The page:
Further elaboration on the theme is in the comments.

I am pursuing the user-driven approach where my data is neither in the hands of the second party (the vendor) nor a third party (intermediary or service provider). This is a practical requirement if I am to exercise greater control over my data and autonomy over sharing it. And that is what I set out to enable with Mine! as best I can.

Tuttle club hosts VRM roundtable

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I am a fan and supporter of the Tuttle Club and what Lloyd has done for the social media scene in London can be seen from the popularity of the gatherings every Friday morning from 10am till about 1pm. I have two pieces of news to share regarding the Tuttle Club/Social Media Cafe.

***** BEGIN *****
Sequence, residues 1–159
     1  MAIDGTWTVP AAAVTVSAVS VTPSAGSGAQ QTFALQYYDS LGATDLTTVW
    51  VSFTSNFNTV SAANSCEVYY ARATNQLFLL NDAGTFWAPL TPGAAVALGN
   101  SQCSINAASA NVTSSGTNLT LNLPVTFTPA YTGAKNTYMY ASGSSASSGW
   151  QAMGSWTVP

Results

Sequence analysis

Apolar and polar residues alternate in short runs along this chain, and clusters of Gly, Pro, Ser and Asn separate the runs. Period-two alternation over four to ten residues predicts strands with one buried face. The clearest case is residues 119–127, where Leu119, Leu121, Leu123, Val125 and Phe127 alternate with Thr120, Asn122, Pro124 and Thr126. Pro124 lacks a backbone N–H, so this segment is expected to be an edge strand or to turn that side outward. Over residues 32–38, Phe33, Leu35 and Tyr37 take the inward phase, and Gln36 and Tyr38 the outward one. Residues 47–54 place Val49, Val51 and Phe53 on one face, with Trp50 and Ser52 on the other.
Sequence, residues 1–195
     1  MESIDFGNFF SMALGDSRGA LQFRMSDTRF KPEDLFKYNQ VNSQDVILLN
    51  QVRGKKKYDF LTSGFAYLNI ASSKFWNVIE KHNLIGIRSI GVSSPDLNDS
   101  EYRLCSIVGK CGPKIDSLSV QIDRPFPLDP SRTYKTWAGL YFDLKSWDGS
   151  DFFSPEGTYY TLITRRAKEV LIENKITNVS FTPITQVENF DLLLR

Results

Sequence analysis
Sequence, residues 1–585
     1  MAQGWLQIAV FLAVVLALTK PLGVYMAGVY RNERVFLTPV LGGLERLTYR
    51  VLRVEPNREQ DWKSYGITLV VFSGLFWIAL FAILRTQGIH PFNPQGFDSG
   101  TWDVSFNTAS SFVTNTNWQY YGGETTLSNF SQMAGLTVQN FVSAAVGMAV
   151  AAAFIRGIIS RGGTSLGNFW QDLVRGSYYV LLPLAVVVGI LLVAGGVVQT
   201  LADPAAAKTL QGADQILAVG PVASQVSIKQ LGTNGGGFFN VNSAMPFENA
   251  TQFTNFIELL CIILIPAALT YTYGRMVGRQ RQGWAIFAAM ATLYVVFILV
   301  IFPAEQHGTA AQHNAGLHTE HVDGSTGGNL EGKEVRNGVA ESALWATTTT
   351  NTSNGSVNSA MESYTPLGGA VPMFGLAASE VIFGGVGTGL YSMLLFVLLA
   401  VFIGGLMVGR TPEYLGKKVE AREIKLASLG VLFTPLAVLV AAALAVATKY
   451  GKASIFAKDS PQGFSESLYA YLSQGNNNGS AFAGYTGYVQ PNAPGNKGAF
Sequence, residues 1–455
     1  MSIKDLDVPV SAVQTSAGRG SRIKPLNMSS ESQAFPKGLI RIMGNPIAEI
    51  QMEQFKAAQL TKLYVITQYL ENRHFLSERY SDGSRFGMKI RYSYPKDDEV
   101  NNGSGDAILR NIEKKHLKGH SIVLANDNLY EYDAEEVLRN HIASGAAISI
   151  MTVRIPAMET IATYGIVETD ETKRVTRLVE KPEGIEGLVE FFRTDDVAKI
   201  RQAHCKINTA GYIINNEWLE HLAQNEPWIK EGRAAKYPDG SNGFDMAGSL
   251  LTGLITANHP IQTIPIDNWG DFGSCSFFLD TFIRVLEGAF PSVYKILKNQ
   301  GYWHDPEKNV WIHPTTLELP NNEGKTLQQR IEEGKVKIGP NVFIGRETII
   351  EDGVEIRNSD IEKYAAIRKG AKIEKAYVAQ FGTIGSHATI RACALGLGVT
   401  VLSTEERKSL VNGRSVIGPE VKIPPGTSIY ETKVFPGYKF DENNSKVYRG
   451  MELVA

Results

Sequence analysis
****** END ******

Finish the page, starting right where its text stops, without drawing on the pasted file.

First, the Friday morning meetings are moving from Coach & Horses to the ICA club (as part of what Lloyd calls Phase II). The weekly sign up wiki is here.

Secondly, on 10th October the Social media cafe meeting will be morph into a VRM roundtable at around 12.30pm. The idea is to bring VRM to the attention of the social web network in London and as a forerunner to the VRM Hub conference in November.

For more information feel free to email me at adriana dot lukas at gmail dot com.

Look forward to seeing you there!

cross-posted from VRM Hub

Truly social software?

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I have been thinking about how social software and social networking platforms actually limits my ability to be social…

But isn’t social networking all about being social? Not quite. At the moment, I don’t drive who gets to see what beyond simple decisions about who is ‘in’ and who is ‘out’. Social interactions and relationships are far more granular than social networks allow them to be. Usually, this is seen as a privacy issues and results in a complicated access management e.g. Facebook privacy settings.